The importance of Xherdan Shaqiri’s injury-time winner against Serbia Football has somewhat been lost in the days since Switzerland's crucial 2-1 victory as talk of Fifa bans, fines and pro-Albanian gestures dominated the headlines, but below the surface is the realisation that the Swiss are proving to be quite a handy proposition.
The celebrations of both Shaqiri and Granit Xhaka – as well as that of Switzerland teammate Stephan Lichtsteiner – led to individual fines of 10,000 Swiss francs [£7,632] as they were deemed to have broken Fifa’s regulations on political regulations by “provoking the general public during a match” by displaying a hand gesture resembling the Albanian ‘double-headed eagle’ flag.
The controversy fuelled speculation that they could receive the maximum punishments of a two-game ban each, though Fifa decided not to impose the sanction and instead stuck to the financial penalty.
For players who are so invested in the matter, having grown up as children of Kosovan refugees and, in the case of Xhaka, political prisoners, this is nothing. Fine after fine could arrive at their doorstep and yet they some sort of gesture would likely be made in any match against Serbia.
In fact, a Go Fund Me page has already been set-up to pay for the fines by supporters of the pro-Albania and pro-Kosovo cause, raising at time of writing more than £15,000 of the £18,880 total.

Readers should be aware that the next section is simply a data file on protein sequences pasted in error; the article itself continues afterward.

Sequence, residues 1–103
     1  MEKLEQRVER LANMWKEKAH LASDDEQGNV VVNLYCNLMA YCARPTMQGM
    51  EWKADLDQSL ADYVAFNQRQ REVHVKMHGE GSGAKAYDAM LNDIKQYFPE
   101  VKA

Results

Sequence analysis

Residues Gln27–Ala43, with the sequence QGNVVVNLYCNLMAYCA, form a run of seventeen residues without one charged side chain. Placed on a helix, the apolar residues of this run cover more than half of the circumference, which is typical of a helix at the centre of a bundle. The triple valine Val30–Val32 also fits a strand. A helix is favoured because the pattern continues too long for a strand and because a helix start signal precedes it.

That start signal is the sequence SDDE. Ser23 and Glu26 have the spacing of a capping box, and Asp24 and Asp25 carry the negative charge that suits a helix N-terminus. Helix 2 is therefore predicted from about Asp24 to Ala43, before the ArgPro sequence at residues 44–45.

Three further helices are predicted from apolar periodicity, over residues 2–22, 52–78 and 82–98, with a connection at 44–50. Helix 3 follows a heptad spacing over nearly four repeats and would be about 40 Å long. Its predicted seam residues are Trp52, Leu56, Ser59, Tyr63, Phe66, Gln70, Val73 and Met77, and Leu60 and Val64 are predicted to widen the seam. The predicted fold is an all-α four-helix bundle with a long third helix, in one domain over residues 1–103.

All of this has taken away from the fact that after a draw against Brazil and a resilient comeback victory against Serbia, Switzerland could go on and claim top spot in Group E. Whether or not that would be favourable depends on what Germany achieve in Group F, but it would be a major statement from the Swiss – the second of this tournament.
It appears that any further political statement throughout the tournament will be shelved, too, in order to let their football do the talking. “We have to think about the main thing, which is playing football,” said midfielder Valon Behrami, another member of the squad with Kosovan roots who admitted that the issues of their history “goes a little bit deeper” that simply football.
“Football is rightly an emotional game, and it has to be,” added the Swiss manager Vladimir Petkovic. “What has happened has happened, and now and we have to be aware of things like that — and we have to learn from that.”
While they can still finish top, they can also be eliminated if a slip-up occurs on Wednesday and Serbia get a result against the Brazilians. But the advantage comes in that Petkovic’s side take on already-eliminated Costa Rica, who go into the game without a point and the only team without a goal in Russia.
“Mind you, this is not going to be an easy one,” Petkovic said. “This is a good quality opponent. Obviously they are a proud team and have nothing to lose and are potentially dangerous.”
“I know it’s very interesting for people to read such things,” he said. “But this [politics] should not be a time-waster for us. We really didn’t talk about it. We carried on talking about football.”
His side are proving to be a resilient bunch that are also blessed with a sprinkling of x-factor, as both Shaqiri and Xhaka proved against Serbia. Fate could see it that both players come up against the country where they ply their trade in England come the quarter-finals, and on the evidence so far, that’s a harder proposition than meets the eye.
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